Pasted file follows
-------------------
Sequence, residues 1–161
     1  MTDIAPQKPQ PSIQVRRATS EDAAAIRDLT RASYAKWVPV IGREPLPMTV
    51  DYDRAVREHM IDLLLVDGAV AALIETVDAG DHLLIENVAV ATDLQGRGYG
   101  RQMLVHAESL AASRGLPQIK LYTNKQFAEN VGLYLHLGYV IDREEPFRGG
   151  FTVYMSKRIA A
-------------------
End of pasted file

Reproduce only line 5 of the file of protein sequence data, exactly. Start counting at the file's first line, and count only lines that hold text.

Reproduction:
   151  FTVYMSKRIA A